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Teary eyes as Victorians mark anniversary of the Turkish invasion of Cyprus




By Marianna Alepidis

On Sunday, July 16, misty eyed members of the Greek and Cypriot community, along with various dignitaries of Greece, Cyprus and Australia, gathered at the Australian Hellenic Memorial in Melbourne, Victoria to commemorate the 49th anniversary of the 1974 Turkish invasion of Cyprus.

The wreath laying ceremony, organised by SEKA Victoria (the Justice for Cyprus Coordinating Committee), was opened by Greek Orthodox Community of Melbourne Board Member, Spiridoula Demetriou.

Youth at the wreath laying ceremony. All photos copyright The Greek Herald / Marianna Alepidis.
The Australian Hellenic Memorial.

“We pay tribute to the Greek-Cypriot and Greek soldiers who died, also to the civilians, including women, the elderly and children who were killed. And those amongst the long list of missing persons who are still unaccounted for,” Dr Demetriou said.

Bishop Kyriakos of Sozopolis conducted a blessing for the ceremony before Deputy Government Spokesperson of Cyprus, Doxa Komodromou shared some words with those present.

Ms Komodromou mentioned the efforts of the Greek and Australian soldiers that fought side-by-side during WWI and WWII, noting the ties that laid the foundation for what would become the Cypriot-Australian community of Australia. 

“Please allow me to highlight at this point, we are also equally proud of the Cypriots that, in waves, migrated to Australia and were welcomed by the Australian Government as refugees decades later… thus creating the Cypriot community of Australia, of which many members are among us today,” she said.

The Consul General of Greece in Melbourne, Emmanuel Kakavelakis, emphasised the importance of resolving the ‘Cyprus Problem’ by ending the Turkish occupation and colonisation of the occupied part of Cyprus.

“The Cyprus Problem is a problem of invasion and of occupation; the termination of Turkish occupation and colonisation of the occupied part of Cyprus…The comprehensive, mutually acceptable, just and viable settlement of the Cyprus problem is a top national priority of Greek foreign policy which obviously has significance for Greek-Turkish relations and the peace and stability of the wider region,” he said.

The Consul General of Greece in Melbourne.

“There can be no comprehensive agreed settlement of the Cyprus Problem without the full withdrawal of Turkish occupation forces and the termination of the Anatolistic System of Guarantees of 1960.”

Mr Kakavelakis continued, noting the basis for settlement is determined by the high-level agreements of the two communities and the resolutions of the UN Security Council. He also expressed that any solution must also be fully compatible with the EU acquis.

“Greece does not intervene in negotiations of internal aspects of the Cyprus Problem from which the Cypriot Government has exclusive competence,” the Consul General said.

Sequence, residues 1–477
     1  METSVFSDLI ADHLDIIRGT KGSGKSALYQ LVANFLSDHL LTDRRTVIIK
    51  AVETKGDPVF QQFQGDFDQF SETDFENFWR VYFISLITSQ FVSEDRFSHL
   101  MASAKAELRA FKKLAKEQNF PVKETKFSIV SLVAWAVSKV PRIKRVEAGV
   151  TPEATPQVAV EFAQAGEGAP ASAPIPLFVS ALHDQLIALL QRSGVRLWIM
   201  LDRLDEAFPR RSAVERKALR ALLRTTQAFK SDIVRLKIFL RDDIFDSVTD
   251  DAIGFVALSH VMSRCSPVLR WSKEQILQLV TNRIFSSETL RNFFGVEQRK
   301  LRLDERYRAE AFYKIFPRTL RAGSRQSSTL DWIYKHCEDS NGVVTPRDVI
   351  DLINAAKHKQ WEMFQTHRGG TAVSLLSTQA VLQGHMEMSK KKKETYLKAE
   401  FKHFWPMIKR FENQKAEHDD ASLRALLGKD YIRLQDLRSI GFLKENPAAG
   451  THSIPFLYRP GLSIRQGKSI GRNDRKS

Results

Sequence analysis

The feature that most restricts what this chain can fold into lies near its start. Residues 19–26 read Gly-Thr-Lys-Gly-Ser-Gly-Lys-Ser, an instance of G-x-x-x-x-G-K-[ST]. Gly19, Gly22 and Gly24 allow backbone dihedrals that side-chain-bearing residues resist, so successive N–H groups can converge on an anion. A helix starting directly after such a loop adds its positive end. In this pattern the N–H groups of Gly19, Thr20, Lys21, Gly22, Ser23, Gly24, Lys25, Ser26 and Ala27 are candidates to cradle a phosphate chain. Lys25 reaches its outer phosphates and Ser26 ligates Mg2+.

“Greece will always support the Republic of Cyprus’ sovereign rights, which are not linked with the process of resolving the Cyprus Problem.” 

Official guests.

The Consul-General concluded with some personal thoughts.

“Cyprus is not simply an island. For us, Cyprus is a place of saints, of martyrs and heroes. I won’t hesitate to say that today Cyprus is a marble mill of our generation,” he said.

Dressed in traditional clothing, Maria Sotiriou, 13, followed Mr Kakavelakis’ speech, reciting the poem My Village, passed down from her great-grandmother Maria. The poem elicited many tears from community members, young and old.

“Being a part of this ceremony helps me be closer to the community and be a part of history,” she told The Greek Herald.

“It’s all about learning our history… I’ve learnt that what the Cypriots have gone through was much worse than what we thought.” 

Maria was joined by her younger brother Sotiri, also dressed for the occasion.

“This event means that we can raise more awareness and commemorate what has happened,” he added.

SEKA Victoria President, Tony Kyriacou concluded the speeches for the event, extending his thanks to the esteemed guests and the community for their presence.

Doxa Komodromou lays a wreath.
More wreath laying.
More wreath laying.
More wreath laying.
More wreath laying.

“It is obvious that today is a reflection of memory, a reflection of pain and a reflection of history. As we can see, human rights are being invaded, and there are serious injustices on our humanity. We deserve the right to return to our homeland,” Mr Kyriacou said.

Wreaths were laid by the speakers, representatives of various Greek clubs from across Australia, along with the High Commissioner of the Republic of Cyprus in Australia, Antonis Sammoutis, and Senator Jane Hume representing the Federal Leader of the Opposition, Peter Dutton.

*All photos copyright The Greek Herald / Marianna Alepidis.

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